of delight. I asked them to-day if they had any message to you, as I was going to write. They seemed oppressed by a sense of wanting to say something. One of them said she had plenty to say, if she was going to write herself. There was an eager discussion in one corner as to whether it would be proper to send their love; but they ended by asking me to thank you all for them, as they did not know how. I felt very much inclined to tell them how very little I knew how; except that I thought the very love, which they seemed to think it would be shocking to express, was the only thanks which you would care anything about.
I have had a very sad day to-day. A scene with the children, bringing up old quarrels, repeating unkind things which should have been forgotten long ago; a recommencement of a feud, which I had so rashly hoped was destroyed for ever. I spoke to them very earnestly; there was not a dry eye in all the room; but I fear that very little lasting good has been done. I do not see what to do about it.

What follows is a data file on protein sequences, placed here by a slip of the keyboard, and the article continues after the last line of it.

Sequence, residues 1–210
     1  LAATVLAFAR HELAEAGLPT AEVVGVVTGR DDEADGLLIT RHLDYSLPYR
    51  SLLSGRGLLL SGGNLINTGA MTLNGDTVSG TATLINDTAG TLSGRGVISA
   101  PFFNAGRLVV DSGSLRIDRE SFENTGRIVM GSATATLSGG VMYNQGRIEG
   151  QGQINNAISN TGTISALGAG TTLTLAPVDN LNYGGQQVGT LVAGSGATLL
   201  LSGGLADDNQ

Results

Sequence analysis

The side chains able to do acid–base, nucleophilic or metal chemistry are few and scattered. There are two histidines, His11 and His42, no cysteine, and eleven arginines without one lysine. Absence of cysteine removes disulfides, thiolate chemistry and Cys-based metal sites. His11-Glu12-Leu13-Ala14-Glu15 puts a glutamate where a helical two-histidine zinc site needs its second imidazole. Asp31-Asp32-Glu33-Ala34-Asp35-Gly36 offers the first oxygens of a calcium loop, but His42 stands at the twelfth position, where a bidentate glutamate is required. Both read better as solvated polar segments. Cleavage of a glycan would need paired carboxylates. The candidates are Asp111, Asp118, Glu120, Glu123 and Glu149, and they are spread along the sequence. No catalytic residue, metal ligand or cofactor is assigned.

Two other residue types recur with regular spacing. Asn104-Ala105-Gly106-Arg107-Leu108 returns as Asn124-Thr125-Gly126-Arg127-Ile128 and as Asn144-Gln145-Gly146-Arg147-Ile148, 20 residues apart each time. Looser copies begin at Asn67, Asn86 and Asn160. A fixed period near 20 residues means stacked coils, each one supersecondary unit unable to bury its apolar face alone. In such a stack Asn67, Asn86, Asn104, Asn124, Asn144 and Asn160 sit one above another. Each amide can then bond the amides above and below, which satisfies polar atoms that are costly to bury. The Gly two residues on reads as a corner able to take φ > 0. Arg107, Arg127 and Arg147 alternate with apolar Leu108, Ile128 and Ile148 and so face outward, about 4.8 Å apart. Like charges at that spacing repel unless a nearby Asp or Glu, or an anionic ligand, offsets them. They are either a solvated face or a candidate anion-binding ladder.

I went yesterday to Epping Forest with both the Tailors' Associations. There were eighty of us at tea; and, as they sat in the long room, covered with beech boughs, some of us were called upon to sing "Now pray we for our Country!" and I could not help thinking how real the prayers of the workers are, because their lives are so much together. With no doubt that the prayer would be answered, I could sing "Who blesseth her is blessed," and think of all those dear children at home, who are trying, and will, I trust, try more to Bless England; and I could thank God for such as you, because I am sure that, if England has not devoted children, and faithful servants, she must perish;